Should the New York law pass, what would the timeline be for the salary increases?
In the short term, the salary threshold under New York State law would be $42,900. What this law does that the proposed federal law doesn’t is to put forward regulations that increase that threshold over a period of several years—ultimately, the base salary would be set to $58,500, which would go into effect on December 31, 2018.
How far along in the lawmaking process is this New York law?
It’s unclear whether New York is still trying to move ahead with the plan—there is very little commentary, very little press. The public comment period ended on December 3, with no guidance or indication as to whether the Department of Labor will move forward, and the in-effect date would be December 31, 2016. This doesn’t give employers a lot of time to prepare, should it pass.
What does this mean for labor costs? How much bigger of an expense would it be under this new law?
This is going to squeeze the smaller restaurant far more than the larger restaurant chains or the more established spots. If you have a small restaurant with small staff, clearly those individuals are working greater hours and functioning in different roles. So the small ones may not have the ability to make sure that each person is limited to 40 hours, whereas the largest restaurants may have the ability to control overtime better. But it will be a challenge no matter how you look at it.
This is going to squeeze the smaller restaurant far more than the larger restaurant chains or the more established spots.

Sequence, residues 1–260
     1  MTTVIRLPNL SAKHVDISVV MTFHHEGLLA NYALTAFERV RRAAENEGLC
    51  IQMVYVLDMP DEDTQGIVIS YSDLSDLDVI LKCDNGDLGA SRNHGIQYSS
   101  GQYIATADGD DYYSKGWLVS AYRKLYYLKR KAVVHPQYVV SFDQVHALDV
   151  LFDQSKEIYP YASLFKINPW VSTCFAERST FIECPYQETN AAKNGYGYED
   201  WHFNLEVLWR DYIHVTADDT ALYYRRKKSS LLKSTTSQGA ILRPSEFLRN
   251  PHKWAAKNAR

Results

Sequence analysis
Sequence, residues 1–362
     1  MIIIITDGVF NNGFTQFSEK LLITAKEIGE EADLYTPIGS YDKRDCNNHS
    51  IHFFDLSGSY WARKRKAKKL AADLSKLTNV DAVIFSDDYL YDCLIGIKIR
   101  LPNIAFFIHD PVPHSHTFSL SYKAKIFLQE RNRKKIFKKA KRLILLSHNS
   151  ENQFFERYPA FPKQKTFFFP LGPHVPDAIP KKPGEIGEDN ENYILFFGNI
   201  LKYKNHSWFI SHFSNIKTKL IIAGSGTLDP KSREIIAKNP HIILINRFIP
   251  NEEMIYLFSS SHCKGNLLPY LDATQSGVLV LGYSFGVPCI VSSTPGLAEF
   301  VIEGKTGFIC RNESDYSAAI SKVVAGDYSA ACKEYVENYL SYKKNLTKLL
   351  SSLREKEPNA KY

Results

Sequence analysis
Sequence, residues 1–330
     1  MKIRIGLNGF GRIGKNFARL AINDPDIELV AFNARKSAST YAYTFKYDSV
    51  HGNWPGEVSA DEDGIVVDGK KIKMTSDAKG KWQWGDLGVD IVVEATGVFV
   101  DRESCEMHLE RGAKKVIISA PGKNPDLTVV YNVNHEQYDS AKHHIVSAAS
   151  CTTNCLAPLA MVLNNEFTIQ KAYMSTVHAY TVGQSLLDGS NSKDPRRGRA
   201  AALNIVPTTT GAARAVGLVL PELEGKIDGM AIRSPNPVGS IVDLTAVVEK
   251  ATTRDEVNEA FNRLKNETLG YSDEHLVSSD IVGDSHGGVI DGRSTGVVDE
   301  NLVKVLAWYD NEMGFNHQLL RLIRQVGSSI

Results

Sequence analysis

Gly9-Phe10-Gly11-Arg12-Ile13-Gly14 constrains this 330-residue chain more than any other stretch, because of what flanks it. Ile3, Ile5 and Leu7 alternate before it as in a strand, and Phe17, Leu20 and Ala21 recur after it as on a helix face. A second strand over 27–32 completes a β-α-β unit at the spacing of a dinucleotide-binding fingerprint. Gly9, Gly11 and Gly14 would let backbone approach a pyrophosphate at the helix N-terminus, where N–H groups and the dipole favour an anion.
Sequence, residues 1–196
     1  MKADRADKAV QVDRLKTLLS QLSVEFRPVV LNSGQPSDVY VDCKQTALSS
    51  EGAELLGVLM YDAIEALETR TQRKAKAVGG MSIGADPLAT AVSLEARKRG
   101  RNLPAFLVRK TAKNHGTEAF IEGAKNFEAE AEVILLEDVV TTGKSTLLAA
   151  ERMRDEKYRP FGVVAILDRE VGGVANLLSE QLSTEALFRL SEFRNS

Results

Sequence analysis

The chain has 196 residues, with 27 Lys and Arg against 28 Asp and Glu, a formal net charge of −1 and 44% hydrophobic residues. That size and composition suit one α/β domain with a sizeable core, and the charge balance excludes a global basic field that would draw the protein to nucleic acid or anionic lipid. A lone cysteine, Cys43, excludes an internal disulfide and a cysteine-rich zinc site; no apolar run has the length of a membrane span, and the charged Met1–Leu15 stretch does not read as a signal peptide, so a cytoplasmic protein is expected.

What can restaurant operators be doing now to prepare, should the law pass?
I think it really boils down to doing a careful evaluation of your current costs and then making projections as to what the increased cost will be if this proposed regulation is implemented. It’s a matter of cost containment. Operators should be evaluating those positions that are currently classified as exempt by looking at each salary and calculating the number of hours worked. They should then be calculating whether it makes economic sense to increase the salary for those individuals or to pay overtime.
Alternatively, employers should consider hiring more individuals, or splitting the manager roles to ensure that they are limiting the number of hours these people can work. The key here is that individuals who have historically been treated as exempt need to start clocking in, and the restaurant needs to keep track of the hours worked very carefully, as that person may be eligible for overtime. That will be a major change in how restaurants operate, in addition to the potentially significant cost of additional overtime.
And what about the proposed federal law—what’s happening there?
The briefing for the hearing is supposed to be done by the end of January, and the Fifth Circuit Court of Appeals has agreed to entertain an oral argument on the appeal as soon as the briefing is done. My expectation is that sometime in the spring we will have a sense of whether or not the final rule will ultimately be implemented.